In each issue of Keynotes, we profile a staff member who works in the library or other related department. This issue features Katrina Spencer, Literatures & Cultures Librarian, who joined the Library staff just this month.
Place of Origin: Los Angeles, California (not Venice, Rodeo Drive, The Hills, Hollywood, Compton, Watts, East L.A., the Tar Pits, or West L.A. I’m from Mid-City.)
Favorite Food: Carne asada enchiladas with red sauce
Allergies: Clams, down/feathers, wool, dust, misogyny
Open Secret: I prefer a phone call to texting.
Question For Y’all: If I started just this month, does that make me a “Feb”?
Words on Tombstone: “This strikes me as an unnecessary expense.”
Fondest Midd Memories: Studying abroad in Spain (2009), writing my comic strip in Portuguese (2014), buying $30 of Kleenex to nurse my winter colds (2017)
What brings you to Middlebury College?
I’m a new librarian on campus and I will start liaising with some of the language departments, the Language Schools, the Anderson-Freeman Center, and Gender, Sexuality, and Feminist Studies. I’m also an alum of the Spanish and Portuguese Schools! So, while I’ve been here over the summer, this is my first Vermont winter!
How’s the reception been so far?
Great! People have lent me blankets, fed me, invited me to play games, watch hockey, see films, taken me to the grocery store and to get my laundry done! Actually, I haven’t spent an evening alone in a while and I may need to prioritize that!
What do you expect work to look like?
Well, in the beginning, ideally, it’s going to be a lot of, Wait, please tell me your name again? followed by, How is this usually done?, Can I help you with that? and then I have this idea. Would you like to hear it?, followed by Do you have time to help me with _____? In other words, there will be a period of acclimation where I get to know my surroundings, colleagues, programs, and departments. I need to get to know the local culture and seek opportunities to collaborate and, eventually, I’ll begin leading some of my own projects.
For me, the most important part of my job is connecting with patrons and informing them of the resources our library has that can benefit them, whether they be for academic, social, or other purposes. All of that said, I have a ton of interests: how we celebrate and commemorate signature and seasonal cultural events, translation, blogging, writing, reviewing literary works, marketing and promotion of the library, acquisitions of multicultural materials, getting more student voices in the library and having them shape our services, talking about language learning, and the students’ open-mic nights where you really get to learn who they are.
Tell us something about librarians we don’t know.
We fear not being able to guide patrons to the resources they need at the very moment they ask for them. Our every desire is to assist library users on a trajectory of success. Sometimes the database we use is down; or the DVDs are difficult to locate; or the call numbers for the items sought are housed in multiple places within the library. We want to get it right the first time when we provide answers. One thing we should also acknowledge about effective research, however, is that when you’re doing it right, it is messy, time-consuming, and laborious.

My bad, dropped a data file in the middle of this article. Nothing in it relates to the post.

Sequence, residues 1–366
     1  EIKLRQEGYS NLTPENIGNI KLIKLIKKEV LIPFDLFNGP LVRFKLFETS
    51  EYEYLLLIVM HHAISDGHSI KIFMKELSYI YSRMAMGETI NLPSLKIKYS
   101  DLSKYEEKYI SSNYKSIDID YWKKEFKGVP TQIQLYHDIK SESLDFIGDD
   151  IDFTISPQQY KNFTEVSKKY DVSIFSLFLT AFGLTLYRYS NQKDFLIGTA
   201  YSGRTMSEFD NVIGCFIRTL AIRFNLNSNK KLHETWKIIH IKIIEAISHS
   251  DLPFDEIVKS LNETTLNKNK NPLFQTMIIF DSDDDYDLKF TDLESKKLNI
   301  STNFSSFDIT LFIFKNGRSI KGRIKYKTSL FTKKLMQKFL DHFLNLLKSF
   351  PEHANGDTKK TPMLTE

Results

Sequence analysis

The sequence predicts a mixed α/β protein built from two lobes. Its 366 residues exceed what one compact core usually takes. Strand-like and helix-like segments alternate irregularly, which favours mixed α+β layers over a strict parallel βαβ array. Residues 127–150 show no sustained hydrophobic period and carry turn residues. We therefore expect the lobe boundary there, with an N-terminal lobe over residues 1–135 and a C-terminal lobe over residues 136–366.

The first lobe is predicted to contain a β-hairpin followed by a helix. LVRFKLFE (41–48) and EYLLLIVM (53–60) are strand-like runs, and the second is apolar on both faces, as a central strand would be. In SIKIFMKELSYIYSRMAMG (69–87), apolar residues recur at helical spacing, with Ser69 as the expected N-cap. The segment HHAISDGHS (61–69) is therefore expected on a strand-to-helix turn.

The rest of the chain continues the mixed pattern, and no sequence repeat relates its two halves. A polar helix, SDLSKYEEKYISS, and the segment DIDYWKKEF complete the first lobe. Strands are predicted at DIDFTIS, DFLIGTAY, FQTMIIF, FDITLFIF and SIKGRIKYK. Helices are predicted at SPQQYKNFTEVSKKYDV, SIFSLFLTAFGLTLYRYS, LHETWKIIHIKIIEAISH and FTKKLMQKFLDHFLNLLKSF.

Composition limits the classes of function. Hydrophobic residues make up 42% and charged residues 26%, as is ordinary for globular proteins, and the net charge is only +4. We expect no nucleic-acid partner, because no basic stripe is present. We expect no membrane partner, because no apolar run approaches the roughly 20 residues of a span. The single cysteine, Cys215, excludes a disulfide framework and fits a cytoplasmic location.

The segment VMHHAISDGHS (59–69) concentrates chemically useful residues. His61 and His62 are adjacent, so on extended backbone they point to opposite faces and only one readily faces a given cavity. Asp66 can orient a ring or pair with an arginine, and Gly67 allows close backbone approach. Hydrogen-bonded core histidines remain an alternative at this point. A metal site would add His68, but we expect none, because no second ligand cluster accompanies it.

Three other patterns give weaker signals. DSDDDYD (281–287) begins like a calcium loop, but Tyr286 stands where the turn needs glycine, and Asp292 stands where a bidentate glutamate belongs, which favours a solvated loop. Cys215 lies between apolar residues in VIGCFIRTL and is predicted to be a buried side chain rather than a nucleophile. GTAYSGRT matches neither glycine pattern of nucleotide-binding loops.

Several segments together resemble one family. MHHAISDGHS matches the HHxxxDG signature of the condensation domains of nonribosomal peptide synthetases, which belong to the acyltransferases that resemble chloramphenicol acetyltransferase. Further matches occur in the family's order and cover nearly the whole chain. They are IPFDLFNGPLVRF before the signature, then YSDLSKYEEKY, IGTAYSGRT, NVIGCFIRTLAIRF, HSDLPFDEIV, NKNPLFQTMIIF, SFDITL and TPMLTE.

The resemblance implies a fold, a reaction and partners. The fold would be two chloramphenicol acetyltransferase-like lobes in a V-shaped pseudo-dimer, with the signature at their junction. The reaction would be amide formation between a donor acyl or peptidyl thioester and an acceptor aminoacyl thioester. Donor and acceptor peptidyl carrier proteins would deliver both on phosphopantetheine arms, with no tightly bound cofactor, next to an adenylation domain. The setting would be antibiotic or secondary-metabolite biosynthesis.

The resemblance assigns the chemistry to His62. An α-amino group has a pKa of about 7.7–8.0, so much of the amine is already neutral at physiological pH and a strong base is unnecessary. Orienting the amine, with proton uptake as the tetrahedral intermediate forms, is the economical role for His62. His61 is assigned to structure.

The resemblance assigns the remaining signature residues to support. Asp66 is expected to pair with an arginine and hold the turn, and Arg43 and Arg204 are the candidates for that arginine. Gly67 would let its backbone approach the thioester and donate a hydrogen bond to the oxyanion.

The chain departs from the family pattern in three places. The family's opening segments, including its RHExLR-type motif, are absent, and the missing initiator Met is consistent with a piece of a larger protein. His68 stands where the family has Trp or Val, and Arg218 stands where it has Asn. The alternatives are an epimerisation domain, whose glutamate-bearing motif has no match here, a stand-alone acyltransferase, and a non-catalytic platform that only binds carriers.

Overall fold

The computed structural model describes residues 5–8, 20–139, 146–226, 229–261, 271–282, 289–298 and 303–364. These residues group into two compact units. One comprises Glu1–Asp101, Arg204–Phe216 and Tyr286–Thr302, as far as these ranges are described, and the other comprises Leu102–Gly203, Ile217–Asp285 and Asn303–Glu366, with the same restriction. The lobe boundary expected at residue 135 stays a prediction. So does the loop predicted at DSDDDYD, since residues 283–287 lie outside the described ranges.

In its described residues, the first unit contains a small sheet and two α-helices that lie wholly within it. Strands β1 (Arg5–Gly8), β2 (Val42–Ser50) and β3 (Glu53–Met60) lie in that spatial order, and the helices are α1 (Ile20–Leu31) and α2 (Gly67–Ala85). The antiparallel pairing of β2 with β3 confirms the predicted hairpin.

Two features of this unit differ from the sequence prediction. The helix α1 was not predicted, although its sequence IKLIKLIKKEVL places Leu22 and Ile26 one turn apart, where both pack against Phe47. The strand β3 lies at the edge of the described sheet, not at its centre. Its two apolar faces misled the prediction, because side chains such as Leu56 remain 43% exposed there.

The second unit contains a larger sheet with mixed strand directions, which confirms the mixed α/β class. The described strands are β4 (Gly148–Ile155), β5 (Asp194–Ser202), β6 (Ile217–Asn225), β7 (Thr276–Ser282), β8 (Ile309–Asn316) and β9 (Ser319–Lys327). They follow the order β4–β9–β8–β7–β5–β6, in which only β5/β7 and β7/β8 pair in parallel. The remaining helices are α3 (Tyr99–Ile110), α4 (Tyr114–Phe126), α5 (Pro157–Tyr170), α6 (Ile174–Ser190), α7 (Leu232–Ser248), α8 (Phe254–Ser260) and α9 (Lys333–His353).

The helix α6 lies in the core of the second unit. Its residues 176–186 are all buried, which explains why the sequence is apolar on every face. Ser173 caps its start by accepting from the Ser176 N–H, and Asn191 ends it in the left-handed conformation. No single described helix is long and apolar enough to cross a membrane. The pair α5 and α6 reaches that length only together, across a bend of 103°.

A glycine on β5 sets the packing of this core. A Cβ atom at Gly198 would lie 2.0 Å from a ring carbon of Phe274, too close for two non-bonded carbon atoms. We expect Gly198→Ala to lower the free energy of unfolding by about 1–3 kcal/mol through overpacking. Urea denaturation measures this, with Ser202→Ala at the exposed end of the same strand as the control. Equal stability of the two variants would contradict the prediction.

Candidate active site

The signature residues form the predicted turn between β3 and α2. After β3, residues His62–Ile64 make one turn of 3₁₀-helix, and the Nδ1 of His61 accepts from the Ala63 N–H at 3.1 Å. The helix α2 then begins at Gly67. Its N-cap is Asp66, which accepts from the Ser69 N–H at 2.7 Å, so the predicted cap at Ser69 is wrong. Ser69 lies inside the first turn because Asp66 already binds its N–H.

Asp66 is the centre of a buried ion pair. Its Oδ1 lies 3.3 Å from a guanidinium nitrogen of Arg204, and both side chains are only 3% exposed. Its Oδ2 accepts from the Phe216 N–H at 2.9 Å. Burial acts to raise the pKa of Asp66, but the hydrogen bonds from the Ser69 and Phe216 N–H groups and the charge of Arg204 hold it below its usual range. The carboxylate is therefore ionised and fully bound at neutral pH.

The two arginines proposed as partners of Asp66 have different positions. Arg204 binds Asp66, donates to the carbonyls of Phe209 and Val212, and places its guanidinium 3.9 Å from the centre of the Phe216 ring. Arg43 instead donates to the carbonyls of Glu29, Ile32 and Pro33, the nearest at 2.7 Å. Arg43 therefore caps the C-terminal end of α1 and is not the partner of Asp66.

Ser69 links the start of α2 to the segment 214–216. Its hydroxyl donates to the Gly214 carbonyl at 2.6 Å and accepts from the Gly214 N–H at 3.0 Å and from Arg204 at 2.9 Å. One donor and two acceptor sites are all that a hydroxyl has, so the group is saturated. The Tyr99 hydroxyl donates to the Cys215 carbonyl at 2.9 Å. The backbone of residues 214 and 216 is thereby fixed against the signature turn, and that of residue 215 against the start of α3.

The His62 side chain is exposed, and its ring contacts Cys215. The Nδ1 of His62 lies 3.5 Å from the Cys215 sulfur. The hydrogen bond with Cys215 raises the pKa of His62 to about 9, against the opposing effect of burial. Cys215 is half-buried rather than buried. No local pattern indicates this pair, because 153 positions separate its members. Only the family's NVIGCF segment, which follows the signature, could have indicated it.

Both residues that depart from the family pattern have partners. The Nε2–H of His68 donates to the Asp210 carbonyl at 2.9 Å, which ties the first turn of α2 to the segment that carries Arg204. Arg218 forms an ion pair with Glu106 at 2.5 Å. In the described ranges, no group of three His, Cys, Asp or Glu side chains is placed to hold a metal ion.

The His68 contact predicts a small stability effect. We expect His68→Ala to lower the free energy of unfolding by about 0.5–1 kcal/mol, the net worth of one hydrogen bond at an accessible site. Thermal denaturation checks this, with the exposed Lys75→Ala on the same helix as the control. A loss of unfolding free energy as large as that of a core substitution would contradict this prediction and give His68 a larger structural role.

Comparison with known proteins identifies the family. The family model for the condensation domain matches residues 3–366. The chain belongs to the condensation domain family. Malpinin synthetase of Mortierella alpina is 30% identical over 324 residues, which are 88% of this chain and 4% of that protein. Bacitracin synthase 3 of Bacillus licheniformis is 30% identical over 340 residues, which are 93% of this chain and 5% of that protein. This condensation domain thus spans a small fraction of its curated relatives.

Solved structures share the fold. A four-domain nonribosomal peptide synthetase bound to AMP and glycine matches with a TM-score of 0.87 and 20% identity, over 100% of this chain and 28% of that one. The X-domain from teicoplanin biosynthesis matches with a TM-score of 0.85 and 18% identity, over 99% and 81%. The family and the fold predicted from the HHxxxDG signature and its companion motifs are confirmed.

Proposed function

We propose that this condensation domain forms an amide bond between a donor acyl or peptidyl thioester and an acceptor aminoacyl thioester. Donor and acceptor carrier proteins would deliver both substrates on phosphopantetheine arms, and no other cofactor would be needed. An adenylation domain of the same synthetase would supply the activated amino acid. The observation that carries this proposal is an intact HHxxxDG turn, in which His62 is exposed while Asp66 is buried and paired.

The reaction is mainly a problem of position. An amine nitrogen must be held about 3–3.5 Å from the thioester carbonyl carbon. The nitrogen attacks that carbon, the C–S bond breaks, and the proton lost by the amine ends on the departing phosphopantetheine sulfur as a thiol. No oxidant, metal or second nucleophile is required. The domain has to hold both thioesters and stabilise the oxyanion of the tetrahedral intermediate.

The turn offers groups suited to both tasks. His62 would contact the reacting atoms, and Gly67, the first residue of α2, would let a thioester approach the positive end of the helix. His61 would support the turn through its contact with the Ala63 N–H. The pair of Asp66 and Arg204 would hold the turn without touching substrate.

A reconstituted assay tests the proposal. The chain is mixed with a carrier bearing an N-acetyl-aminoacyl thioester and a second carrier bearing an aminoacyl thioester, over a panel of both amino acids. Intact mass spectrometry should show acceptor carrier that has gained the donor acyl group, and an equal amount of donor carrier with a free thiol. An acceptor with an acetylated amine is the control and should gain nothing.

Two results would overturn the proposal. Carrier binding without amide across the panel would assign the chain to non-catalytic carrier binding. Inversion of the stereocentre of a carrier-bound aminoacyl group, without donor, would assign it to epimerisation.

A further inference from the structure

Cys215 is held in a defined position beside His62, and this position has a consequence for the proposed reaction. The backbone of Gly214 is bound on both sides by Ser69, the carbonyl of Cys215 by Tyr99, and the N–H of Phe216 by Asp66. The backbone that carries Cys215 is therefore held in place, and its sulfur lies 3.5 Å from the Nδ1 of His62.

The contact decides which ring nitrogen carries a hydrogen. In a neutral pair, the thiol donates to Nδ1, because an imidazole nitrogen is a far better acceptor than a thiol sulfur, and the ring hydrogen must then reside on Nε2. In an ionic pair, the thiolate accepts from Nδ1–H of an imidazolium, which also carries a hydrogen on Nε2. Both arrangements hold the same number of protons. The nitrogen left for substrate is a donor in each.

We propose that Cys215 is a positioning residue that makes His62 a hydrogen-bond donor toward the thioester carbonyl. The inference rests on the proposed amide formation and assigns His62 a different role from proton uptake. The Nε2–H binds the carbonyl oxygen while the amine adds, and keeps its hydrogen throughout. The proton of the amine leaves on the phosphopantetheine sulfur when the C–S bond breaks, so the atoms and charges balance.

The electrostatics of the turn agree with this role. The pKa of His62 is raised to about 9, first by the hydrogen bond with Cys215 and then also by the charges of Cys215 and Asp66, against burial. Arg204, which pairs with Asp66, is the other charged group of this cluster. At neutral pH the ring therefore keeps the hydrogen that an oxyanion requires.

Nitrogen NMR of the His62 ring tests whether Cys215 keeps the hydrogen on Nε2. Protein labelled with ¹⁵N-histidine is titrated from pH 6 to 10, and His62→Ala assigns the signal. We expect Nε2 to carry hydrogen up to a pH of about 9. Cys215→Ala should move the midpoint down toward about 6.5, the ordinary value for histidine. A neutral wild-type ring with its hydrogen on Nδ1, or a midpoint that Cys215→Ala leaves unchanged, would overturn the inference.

As the Literatures & Cultures Librarian and in light of our new, national administration, how will your work change?
That’s an excellent question and the answer is complex. My work is routinely dedicated to encouraging learning about and understanding of the proverbial “Other,” so I’m not sure it should “change” because the administration did. If anything, where possible, it should be intensified and/or broadened, but the vision will likely remain the same. People of color have had to carry an undue and unfair burden of being the predominant U.S. demographic preoccupied with themes related to injustice based on racial and ethnic identity. As a nation, we’re starting to wake up and realize the importance of “getting all hands on deck.” So, my work won’t “change,” per se. Rather, the hope is that it will be contagious.
What do you want to know more about on campus?
In addition to finding out as much as possible about the departments and programs I serve, I’d like to visit the Chateau, which I’ve seen from the distance for years but never entered. I’m also very curious about the campus’ radio shows and programming. And I want to know if there are any wild animals that come and roam about campus. You know– to be prepared. 😉
What are some immediate and long-term priorities?
- Obtain and distribute my business card
- Get on all the mailing lists for the groups I serve
- Figure out how students read so much in so little time
- Buy a French language Scrabble
- Carefully navigate the concept (or lack thereof) of anonymity in a small town context
- Do few things and do them really well
- Forward discourses of social justice through our library’s resources, services, and programming
Any challenges you’re anticipating?
- Staying warm
- Doing it all between 8:00 a.m. and 5:00 p.m.
- Taking breaks
- Hoping to head to the bathroom and actually find it empty
- Identifying attractive after hours activities
- Doing any regular and meaningful exercise
- Getting good steak tacos easily
- Finding long periods of intense productivity
Please drop by my office if you can explain the difference between a storm and a blizzard, know the species of the long and slender black bug with the two red spots that has entered my home, or if your name is Shatavia, Shenisis, or Lucy. 😉
I now own a FRE Scrabble game. 😉
Hi Katrina, do you already own a Portuguese and Spanish Scrabble game? I only have English but would like one with Hebrew tiles. That black and red creature might be a boxelder bug. Have a good weekend!
OMG– they ARE Boxelder bugs! Why are they in my home and what do they want with me? I own an ENG and a SPAN Scrabble game.